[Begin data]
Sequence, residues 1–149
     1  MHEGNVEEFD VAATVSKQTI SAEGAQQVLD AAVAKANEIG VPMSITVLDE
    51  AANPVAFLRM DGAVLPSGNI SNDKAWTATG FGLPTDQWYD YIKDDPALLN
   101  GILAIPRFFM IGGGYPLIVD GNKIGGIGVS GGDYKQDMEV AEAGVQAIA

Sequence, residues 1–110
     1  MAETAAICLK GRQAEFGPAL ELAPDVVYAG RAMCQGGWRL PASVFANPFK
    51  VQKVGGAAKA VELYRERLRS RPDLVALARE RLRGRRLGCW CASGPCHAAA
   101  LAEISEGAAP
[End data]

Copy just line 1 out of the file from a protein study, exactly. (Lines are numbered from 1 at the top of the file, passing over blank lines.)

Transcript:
Sequence, residues 1–149